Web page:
Click each park to see its threats. View Great Lakes Parks in Peril in a larger map
By Haley Walker and Yang Zhang
Nov. 4, 2009
Indiana Dunes National Lakeshore is among U.S. national parks most vulnerable to climate change, according to a recent report.
The park on the southern end of Lake Michigan faces an increase in flooding, overcrowding and air pollution and a loss of wildlife, plants and fish.
Other parks in the Great Lakes region are also at risk of these effects.
Climate change is the greatest threat to U.S. national parks, according to the Rocky Mountain Climate Organization and the Natural Resources Defense Council. The report by the two organizations named Indiana Dunes among the top 25 national parks most vulnerable to the effects of climate change.
Climate change, also known as global warming, is advanced by the burning of fossil fuels for transportation, power production and industrial development.
“National parks contain and represent our very best natural and historical resources, and these places are going to show the impacts first,” said Stephen Saunders, president of the Rocky Mountain Climate Organization, a group studying climate disruptions in the west. “Every park in every region of the country will eventually be affected.”
The climate organization and defense council studied the effects of climate change on parks throughout the U.S. “We picked parks around the country to report on, based on the severity of the impacts we saw from our research,” said Tom Easley, director of programs at the climate organization. “The dramatic drop in Great Lake water levels caught our attention, as well as reports of changing ecosystems.”
Other parks picked as most vulnerable include the Everglades, Yellowstone and Yosemite national parks.
“There is such a huge amount of plant diversity in Indiana Dunes,” Easley said. “This would be affected so drastically and would in turn affect many ecosystems.”
Officials from Indiana Dunes recently requested funding for climate change research from the National Park Service. They want to study the endangered Karner Blue Butterfly and the federally threatened plant, the pitchers thistle. A request was also made to study the effects of climate change on the migration patterns of the park’s bird species.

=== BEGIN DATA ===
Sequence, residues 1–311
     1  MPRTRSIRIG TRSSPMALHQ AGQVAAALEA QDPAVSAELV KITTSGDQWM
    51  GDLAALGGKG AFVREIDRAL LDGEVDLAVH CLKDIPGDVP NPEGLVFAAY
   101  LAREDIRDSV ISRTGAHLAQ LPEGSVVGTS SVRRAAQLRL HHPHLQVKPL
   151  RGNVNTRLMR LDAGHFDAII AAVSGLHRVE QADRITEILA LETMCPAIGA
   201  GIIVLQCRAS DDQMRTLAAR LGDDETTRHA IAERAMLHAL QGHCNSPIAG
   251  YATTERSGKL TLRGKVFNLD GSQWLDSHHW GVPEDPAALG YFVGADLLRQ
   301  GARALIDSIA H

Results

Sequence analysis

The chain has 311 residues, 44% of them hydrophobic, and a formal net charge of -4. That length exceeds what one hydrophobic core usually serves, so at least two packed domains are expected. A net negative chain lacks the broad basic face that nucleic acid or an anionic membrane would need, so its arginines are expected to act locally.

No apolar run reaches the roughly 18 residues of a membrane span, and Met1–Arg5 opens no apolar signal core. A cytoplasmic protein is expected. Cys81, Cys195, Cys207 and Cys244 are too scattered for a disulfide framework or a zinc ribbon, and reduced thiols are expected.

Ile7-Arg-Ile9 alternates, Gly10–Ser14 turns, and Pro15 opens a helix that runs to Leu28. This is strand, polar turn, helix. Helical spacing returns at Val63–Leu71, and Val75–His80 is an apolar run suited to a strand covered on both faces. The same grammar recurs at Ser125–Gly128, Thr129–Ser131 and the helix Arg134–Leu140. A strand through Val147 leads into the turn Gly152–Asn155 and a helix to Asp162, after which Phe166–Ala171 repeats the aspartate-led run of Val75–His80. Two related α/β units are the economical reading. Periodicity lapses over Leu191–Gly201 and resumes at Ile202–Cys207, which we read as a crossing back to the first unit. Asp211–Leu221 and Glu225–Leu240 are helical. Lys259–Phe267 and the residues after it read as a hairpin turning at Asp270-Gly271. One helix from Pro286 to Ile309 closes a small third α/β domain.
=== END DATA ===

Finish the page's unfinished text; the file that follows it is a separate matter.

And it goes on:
“Climate change is taken very seriously here,” said Bruce Rowe, park ranger at Indiana Dunes. “It is certainly an area we are concerned about and want to look into through research.”
According to the report, 60 percent of all species worldwide will respond to climate change by altering migration patterns and habitats. Easley noticed that various ecosystems are responding to warmer weather in similar ways.
“Forests and all types of plants and wildlife will all be moving northward,” he said. “In the west, we are seeing forests move up, and in the Midwest, it looks like they will be moving upward as well.”
As temperatures increase, researchers say visitors will also flock to northern parks and cause overcrowding. Indiana Dunes and Sleeping Bear Dunes National Lakeshore are two parks along Lake Michigan at risk of this effect, according to the report.
“Our visitation tends to rise and fall during our summer season, based on temperature,” Rowe said. “But it is too soon to really see climate change effects on visitation.”
Greater numbers of people and vehicles on the grounds can put stress on the natural resources of the parks. Carbon dioxide from vehicles can cause increased levels of air pollution.
Some researchers already cite low lake levels as a reason for national parks in the Great Lakes region to worry.
“In terms of loss of water, in 2007, Lake Michigan was at a particularly low state,” Rowe said. “We certainly notice this change and keep track of how it affects the size of our beaches.”
Officials from other parks in the Great Lakes have similar concerns. In Michigan, rangers from Pictured Rocks National Lake Shore, Sleeping Bear Dunes and Isle Royale National Park, have also reported decreasing lake levels.
In 2006, Lake Michigan was 23 inches below its average.
“It is unclear how much climate change will affect Lake Superior, but projections seem to be from a few inches to perhaps three feet,” said Gregg Bruff, chief of heritage education at Pictured Rocks. “Recreationally, this will bring more difficulty with launching boats at ramps.”
Loss of fishing will also affect recreation in national parks. Rise in water temperature is expected to decrease salmon, trout and chinook populations throughout the Great Lakes.
Shorter winters and loss of snow will also reduce the possibility for winter activities.
“We used to have a lot of snow,” said Mark Romanski, biological science technician at Isle Royale. “We now have warmer Novembers, which means we are getting less snow and more precipitation.”
The report includes 32 recommendations to reduce the impact of climate change on national parks, lakeshores and monuments.
“I think we should regard this as the biggest threat there has ever been to national parks, in terms of their ecological integrity,” Easley said. “We are quite optimistic however that things can be done to mitigate these effects.”
The report shows effects of climate change are more local than many think, Saunders said.
“National parks have a very specific part in the hearts of the American people,” he said. “What we are doing to our climate has effects not only on ice caps, but affects us close to home, in places we visit and cherish.”